Our mission is to educate and inspire farmers, ranchers, and consumers about the importance of sustainability, regenerative farming, and biodiversity in our food systems.

ReFED, a nonprofit dedicated to using data-driven solutions to tackle food waste, has released the latest statistics from their powerful Insights Engine. This coincides with the US Environmental Protection Agency's updated numbers on food waste this month. So, what do the new numbers reveal?

In 2021, the US produced 91 million tons of surplus food, which accounts for around 38% of the country's total food supply. This equates to an average of 548 pounds of excess food per person, valued at $444 billion, or approximately 2% of the country's GDP. While these statistics are staggering, they also highlight the complexity of the problem of food waste across the global food supply chains. This makes it challenging to measure with precision, but ReFED is committed to analyzing data to help us understand the true scope of the problem and how to solve it.

Food waste is not just one problem; it's a tangled web of issues that affect the global food supply chain, making it notoriously difficult to measure with precision. But with accurate statistics, farmers can dial in production, policymakers can create workable legislation, and eaters can avoid wasting perfectly good food. When we have quantifiable facts about where we stand right now, we can correctly measure how far we've come already and sharpen our goals for the future.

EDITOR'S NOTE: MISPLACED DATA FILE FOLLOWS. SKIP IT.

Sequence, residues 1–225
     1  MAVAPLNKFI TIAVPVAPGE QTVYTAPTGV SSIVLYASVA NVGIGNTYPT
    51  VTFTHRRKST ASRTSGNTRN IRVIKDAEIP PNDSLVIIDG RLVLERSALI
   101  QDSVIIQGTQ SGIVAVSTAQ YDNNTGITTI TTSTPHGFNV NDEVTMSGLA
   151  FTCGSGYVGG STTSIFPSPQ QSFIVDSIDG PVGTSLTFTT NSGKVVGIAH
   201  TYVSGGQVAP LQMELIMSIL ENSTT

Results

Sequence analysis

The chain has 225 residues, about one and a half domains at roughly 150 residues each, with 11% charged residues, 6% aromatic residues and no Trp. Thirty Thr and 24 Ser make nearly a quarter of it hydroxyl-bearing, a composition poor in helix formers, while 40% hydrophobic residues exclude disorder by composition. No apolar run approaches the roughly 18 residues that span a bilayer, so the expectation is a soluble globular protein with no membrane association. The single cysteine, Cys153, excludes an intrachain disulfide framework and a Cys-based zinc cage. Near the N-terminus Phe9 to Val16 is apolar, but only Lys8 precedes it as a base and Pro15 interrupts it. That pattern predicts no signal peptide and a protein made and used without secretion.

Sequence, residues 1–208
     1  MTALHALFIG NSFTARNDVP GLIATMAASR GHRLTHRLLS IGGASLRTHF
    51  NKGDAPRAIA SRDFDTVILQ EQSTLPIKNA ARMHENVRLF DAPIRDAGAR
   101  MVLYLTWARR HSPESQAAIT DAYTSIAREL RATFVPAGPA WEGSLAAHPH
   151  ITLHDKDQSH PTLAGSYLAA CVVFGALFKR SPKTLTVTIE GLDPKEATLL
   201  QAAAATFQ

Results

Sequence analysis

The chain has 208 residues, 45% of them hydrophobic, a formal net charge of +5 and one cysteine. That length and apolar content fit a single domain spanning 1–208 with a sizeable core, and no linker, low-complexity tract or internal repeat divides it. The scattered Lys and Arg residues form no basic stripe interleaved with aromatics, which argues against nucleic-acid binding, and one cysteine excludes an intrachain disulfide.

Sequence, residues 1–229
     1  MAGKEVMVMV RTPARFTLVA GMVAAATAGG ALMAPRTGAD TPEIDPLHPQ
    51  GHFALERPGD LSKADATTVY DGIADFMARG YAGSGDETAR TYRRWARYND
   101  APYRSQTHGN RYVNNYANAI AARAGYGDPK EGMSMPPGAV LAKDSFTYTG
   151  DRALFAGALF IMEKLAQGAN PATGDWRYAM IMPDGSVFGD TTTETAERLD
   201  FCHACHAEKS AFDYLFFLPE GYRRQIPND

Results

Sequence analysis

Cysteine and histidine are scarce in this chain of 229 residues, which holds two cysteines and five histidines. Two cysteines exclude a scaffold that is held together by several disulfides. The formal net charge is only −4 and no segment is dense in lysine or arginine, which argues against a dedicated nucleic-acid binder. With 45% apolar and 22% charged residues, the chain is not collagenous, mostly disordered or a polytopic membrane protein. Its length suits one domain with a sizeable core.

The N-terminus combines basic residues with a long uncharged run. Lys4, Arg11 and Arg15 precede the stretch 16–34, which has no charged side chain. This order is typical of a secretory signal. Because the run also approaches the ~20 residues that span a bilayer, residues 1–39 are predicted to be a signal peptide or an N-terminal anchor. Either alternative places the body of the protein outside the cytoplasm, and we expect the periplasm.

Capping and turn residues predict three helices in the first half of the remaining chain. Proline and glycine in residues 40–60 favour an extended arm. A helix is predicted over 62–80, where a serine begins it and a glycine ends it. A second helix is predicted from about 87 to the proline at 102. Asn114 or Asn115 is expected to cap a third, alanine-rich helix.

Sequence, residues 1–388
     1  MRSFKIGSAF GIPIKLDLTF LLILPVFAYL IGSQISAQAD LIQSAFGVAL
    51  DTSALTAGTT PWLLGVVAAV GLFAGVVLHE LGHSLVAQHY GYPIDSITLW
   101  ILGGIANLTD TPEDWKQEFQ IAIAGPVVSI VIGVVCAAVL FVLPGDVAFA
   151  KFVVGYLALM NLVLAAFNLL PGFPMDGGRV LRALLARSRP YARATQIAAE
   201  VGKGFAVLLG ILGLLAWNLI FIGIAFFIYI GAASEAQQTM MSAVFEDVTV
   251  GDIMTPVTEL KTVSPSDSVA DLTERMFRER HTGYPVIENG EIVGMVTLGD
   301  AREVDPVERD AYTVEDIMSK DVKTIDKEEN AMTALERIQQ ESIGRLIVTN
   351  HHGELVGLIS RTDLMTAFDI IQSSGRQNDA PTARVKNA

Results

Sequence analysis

Reducing food waste is part of the UN Sustainable Development Goals and goals set by the US Department of Agriculture and the EPA. It is also why the work done by organizations like ReFED is so crucial. They provide essential data and analysis that enables farmers, policymakers, and consumers to make informed decisions to reduce food waste.

The issue of food waste is not just about surplus food; it's also about the environmental and societal impacts that it has. The complex global supply chains that get food to us are directly linked to the climate crisis, and food loss and waste are responsible for approximately 7% of all global greenhouse gas emissions. Furthermore, nearly a third of the world's agricultural land is used to grow food that's never eaten, while millions of people are still living in hunger.

To tackle this thorny issue, we need to take a serious look at who controls the levers of power in the food system. We need to ask what corporate leaders and even store managers are doing to reduce waste. We must also ensure that strong legislative policies make it easier to donate food than to throw it away. Furthermore, supporting regional food networks that can produce culturally specific varieties of food that people need is essential.

The fight against food waste has come a long way, with awareness of the problem much greater now than it was even a decade ago. The transformative Food Donation Improvement Act has been signed into law, and organizations like the Harvard Food Law and Policy Clinic are doing vital analysis on a country-by-country level. However, there is still much work to be done. By working together and utilizing accurate data, we can all play our part in reducing food waste and its environmental and societal impact.